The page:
Last week, Voxant and The Associated Press announced a deal that will allow Voxant to make AP's licensed content available to other web publishers and bloggers free of charge. The AP is just one of Voxant's partners, though. Reuters, Newscom, HowStuffWorks, Vibe, the CBC, and several others have also signed on as content providers.
What does this mean for bloggers? First, it gives them free and legal access to video, audio, text and photo content that they can use to enhance their own blogs. Second, it offers them a new source of revenue.
How does it all work? It's actually very simple, and it all starts at TheNewsRoom, "the hub of Voxant's Viral Syndication Network". TheNewsRoom is a searchable catalog containing all of the news, entertainment, sports, science, and political stories that have been made available by Voxant's partners. Once you find the story you are looking for, it's a matter of clicking the "mash" button and copying some code into the post you're writing.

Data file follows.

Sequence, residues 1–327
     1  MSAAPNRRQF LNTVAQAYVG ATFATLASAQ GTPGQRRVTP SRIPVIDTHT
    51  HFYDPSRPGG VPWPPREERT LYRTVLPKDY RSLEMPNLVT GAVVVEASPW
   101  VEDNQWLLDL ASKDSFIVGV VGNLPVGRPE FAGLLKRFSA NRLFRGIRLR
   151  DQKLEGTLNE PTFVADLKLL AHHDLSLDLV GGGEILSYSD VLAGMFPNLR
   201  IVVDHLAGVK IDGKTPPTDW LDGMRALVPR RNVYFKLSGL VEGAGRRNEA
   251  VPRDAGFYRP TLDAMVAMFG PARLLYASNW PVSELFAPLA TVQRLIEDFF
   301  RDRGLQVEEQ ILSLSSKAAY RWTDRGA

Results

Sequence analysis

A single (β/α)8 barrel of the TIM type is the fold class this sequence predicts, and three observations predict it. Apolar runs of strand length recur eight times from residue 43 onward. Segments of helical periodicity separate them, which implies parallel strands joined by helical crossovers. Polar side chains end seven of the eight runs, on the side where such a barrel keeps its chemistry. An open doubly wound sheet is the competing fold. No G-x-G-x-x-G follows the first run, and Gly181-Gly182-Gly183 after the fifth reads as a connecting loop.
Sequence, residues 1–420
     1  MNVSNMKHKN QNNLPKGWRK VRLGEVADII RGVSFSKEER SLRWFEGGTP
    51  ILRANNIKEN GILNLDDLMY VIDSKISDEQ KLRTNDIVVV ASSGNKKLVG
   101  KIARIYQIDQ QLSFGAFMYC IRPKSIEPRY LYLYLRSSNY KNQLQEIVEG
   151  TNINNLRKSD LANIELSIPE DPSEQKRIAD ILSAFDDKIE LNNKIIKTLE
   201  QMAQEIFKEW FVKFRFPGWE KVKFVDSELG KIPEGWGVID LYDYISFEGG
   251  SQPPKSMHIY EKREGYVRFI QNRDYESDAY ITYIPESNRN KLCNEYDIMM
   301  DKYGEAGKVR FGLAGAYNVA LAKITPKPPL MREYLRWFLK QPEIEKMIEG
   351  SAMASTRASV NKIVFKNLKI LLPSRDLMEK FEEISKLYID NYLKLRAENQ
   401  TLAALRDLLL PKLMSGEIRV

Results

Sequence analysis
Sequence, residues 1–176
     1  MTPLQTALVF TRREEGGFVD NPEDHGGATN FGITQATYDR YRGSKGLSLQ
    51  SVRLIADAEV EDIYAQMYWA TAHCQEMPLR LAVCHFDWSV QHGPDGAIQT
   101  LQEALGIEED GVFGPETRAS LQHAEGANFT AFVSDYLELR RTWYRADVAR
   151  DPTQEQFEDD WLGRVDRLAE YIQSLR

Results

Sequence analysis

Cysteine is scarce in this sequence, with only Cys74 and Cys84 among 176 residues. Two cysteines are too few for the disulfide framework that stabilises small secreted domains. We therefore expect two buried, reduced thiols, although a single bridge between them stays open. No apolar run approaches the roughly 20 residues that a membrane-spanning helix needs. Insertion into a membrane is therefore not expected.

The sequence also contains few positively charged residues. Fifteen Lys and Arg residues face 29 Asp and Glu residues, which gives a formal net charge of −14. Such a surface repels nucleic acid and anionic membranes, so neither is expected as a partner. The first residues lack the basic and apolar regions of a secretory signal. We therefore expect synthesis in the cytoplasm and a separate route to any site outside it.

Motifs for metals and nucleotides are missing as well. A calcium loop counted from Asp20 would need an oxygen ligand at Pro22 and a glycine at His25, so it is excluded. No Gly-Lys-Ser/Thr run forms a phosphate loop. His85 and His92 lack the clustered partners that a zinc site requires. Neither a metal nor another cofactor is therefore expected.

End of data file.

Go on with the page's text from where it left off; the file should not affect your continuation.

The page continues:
Revenue is generated through pre-roll video and banner ads that accompany each "mashed" story. According to Liz Gannes at NewTeeVee, who spoke with Voxant's CEO, Jeffrey Crigler, the revenue is split between Voxant (40%), the content provider (40%), and the web publisher (20%).
Anyone can mash stories or feeds from TheNewsRoom and embed them on their sites, but to be eligible for a cut of the revenue that's generated by those stories, you have to register as a web publisher. It's a very simple process that took me less than two minutes and required just the basic information like name, email address,home address and my site's URI.
I have test-driven TheNewsRoom by embedding a couple of video clips onto my own blog. So far, everything has performed as promised. The Flash-based video player is reasonably plain, especially if you select the compact version, so it does not clash with the look and feel of the site it's embedded on. At least one of the pre-roll ads was interesting enough that I'd probably have embedded it on its own if I'd come across it on YouTube, but the jury is still out on whether pre-roll ads are the way to monetize online video.